I’ve heard we need to “bank” ten positive experiences for every one negative to keep a marriage alive. In my marriage, my husband and I have the opposite pattern of communication. I’m wondering what to do about it. Do you have any advice for me?


Unfortunately, you’re experiencing what many couples experience — ten negative experiences for every positive one. In fact, many have even worse odds or undergo seasons of conflict with only a few  minutes of true connection. Is it any wonder marriages dissolve at horrific rates?

Scripture complements this thought: “In your anger do not sin: Do not let the sun go down while you are still angry” (Ephesians 4:26). Clearly God didn’t design us to be in perpetual conflict with each other. Rather, we’re designed to live in harmony with each other: “If it is possible, as far as it depends on you, live in peace with everyone” (Romans 12:18).

Of course, peace or conflict often depends on us. It takes two to tango — or tangle. There cannot be a fight unless we join in the fray. If we refuse to participate in conflict, we go a long way toward creating harmony.

But, back to the idea of “banking” positive experiences. It’s not enough to live in harmony or to avoid conflict. It’s not enough to stop fighting. You must take active responsibility for creating joy and contentment in your marriage. Here are some ways to do that:

Take responsibility for the emotional climate in your marriage. Don’t leave it to your mate to make you happy or to make the marriage wonderful. You must go out of your way to make sure you enjoy each other’s company. Set aside time, talents, and treasures to ensure your marriage stays healthy.

Deal with issues in a timely manner. Issues left unresolved are like cancer untreated. Take time to talk to your mate and to resolve your issues. If you cannot do this on your own, seek professional help.

Stop harboring grudges. Resentment has been described as “re-sending” old grudges. We chew and brew on issues. We rehearse how we’ve been wronged. We “play the victim” and contemplate how the grass is greener on the other side of the fence. However, we are not victims; we are part and parcel of the issues within our marriage. So become the healthiest you can possibly be — and that means letting go of grudges.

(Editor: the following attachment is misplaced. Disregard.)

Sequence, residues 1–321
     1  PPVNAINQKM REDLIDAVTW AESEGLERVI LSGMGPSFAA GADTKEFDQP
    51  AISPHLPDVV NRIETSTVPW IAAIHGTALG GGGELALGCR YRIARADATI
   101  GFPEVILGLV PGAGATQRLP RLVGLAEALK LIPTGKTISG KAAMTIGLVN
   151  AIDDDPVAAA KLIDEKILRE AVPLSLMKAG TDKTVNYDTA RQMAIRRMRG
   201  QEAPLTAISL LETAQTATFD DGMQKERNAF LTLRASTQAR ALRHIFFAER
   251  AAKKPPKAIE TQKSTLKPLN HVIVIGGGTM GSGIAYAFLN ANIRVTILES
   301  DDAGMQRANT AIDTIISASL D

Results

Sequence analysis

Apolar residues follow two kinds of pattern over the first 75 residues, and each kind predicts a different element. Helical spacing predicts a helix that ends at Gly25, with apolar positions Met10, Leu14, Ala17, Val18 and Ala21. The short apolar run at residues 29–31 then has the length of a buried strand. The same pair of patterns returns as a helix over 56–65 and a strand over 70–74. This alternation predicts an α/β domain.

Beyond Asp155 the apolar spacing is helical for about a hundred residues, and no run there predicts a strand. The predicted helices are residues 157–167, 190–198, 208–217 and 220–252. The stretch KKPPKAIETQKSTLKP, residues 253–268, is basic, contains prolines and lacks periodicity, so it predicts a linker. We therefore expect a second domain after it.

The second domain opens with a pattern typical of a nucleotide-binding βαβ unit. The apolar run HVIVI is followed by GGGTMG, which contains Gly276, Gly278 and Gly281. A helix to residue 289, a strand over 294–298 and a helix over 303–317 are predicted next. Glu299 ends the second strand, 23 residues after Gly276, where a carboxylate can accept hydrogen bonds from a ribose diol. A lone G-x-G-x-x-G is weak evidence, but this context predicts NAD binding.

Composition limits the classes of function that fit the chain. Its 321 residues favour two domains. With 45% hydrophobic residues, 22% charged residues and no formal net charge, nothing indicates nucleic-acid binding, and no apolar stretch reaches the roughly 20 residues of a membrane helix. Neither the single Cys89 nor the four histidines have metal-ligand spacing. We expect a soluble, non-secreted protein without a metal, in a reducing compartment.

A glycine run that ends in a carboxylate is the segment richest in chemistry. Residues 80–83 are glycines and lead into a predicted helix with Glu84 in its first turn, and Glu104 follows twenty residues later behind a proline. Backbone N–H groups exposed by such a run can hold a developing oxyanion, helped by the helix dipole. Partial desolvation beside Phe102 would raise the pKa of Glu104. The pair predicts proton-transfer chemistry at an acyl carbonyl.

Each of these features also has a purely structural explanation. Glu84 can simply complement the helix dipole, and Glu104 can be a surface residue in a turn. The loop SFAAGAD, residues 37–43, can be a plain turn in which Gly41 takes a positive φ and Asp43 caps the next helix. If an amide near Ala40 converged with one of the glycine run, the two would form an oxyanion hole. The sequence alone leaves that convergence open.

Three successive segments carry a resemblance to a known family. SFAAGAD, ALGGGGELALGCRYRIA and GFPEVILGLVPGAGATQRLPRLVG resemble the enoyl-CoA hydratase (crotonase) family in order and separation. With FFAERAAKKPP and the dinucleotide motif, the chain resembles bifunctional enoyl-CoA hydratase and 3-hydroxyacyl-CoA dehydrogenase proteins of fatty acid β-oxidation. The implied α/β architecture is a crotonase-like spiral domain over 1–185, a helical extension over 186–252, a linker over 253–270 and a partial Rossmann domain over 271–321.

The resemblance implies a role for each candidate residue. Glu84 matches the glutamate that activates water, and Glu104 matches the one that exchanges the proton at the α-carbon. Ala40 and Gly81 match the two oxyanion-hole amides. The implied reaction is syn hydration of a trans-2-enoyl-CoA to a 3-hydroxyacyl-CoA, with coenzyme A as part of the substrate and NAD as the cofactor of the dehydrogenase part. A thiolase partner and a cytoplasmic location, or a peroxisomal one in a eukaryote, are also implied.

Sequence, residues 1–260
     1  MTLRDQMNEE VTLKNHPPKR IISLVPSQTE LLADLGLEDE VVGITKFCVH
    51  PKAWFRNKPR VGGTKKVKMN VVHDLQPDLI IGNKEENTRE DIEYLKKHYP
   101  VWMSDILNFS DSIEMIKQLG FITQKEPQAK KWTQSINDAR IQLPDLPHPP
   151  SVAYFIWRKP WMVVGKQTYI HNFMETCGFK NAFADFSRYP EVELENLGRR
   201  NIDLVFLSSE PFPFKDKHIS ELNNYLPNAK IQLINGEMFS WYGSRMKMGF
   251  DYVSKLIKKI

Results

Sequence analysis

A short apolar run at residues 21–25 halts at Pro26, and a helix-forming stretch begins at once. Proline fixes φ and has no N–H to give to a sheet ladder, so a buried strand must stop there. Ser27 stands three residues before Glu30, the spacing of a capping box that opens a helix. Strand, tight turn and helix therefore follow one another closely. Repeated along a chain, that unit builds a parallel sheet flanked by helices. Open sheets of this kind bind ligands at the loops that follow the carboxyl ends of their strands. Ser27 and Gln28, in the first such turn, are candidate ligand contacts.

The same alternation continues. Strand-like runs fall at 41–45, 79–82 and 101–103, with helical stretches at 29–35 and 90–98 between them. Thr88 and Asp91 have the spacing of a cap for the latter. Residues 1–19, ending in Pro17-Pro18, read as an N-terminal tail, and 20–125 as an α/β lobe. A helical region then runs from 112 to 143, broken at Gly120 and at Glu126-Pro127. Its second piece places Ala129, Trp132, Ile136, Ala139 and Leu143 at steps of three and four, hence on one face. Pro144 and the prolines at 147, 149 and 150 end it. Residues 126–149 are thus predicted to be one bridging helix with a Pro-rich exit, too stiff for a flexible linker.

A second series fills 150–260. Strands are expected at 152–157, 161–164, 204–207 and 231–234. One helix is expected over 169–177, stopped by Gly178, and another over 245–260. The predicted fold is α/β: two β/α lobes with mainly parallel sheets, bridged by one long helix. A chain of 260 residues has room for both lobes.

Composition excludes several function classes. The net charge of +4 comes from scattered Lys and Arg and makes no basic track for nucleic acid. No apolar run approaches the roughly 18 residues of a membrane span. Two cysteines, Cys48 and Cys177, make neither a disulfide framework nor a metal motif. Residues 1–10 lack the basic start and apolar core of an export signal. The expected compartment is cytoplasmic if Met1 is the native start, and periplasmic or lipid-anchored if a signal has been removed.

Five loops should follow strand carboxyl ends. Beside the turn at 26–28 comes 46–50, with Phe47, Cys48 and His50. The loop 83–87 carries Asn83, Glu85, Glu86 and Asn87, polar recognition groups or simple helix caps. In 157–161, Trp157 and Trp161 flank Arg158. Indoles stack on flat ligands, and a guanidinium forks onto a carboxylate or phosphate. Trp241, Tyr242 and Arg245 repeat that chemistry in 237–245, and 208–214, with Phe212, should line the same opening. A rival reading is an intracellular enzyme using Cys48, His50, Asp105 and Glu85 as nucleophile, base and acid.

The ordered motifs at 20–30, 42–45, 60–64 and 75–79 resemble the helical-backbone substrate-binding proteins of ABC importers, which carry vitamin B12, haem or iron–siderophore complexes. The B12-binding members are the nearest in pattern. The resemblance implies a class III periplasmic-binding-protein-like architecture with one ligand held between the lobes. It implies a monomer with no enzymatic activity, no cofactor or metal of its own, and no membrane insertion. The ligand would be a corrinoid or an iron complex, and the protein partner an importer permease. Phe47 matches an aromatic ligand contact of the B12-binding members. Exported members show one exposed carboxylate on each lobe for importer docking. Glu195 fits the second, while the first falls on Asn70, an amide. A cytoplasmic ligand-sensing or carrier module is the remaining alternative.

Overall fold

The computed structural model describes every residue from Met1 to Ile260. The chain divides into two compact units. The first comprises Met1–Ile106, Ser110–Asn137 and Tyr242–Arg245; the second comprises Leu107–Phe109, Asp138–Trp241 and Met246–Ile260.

Bring peace and happiness with you into the home. Be a peaceable, positive person. Come home every day with a smile on your face and a readiness to have a healthy, happy encounter with your mate. In short, happiness is contagious. If you’re healthy and happy, chances are good your mate will respond favorably to you.

Catch your mate doing things right. Everyone responds to positive energy. Catch your mate doing things right. Compliment him or her at every opportunity. Let them know you’re happy to be with them. If times are tough, reflect a positive attitude about “getting through it together.”

Appreciate your marriage. Be thankful for the mate God gave you. Your marriage is no accident. God can and will bless your union if you call upon him. Know that God is available to help you. Honor your marriage; be thankful for your mate.

In summary, you have a responsibility to “bank” positive experiences. One positive experience after another leads to a happy marriage. Even if you’ve come through a tough time, begin today to practice these steps. You really can shorten the times of pain and lengthen your intervals of joy.

I’d like to hear your thoughts and welcome your reactions. Contact me at drdavid@marriagerecoverycenter.com. I encourage you to read about our programs at www.marriagerecoverycenter.com.

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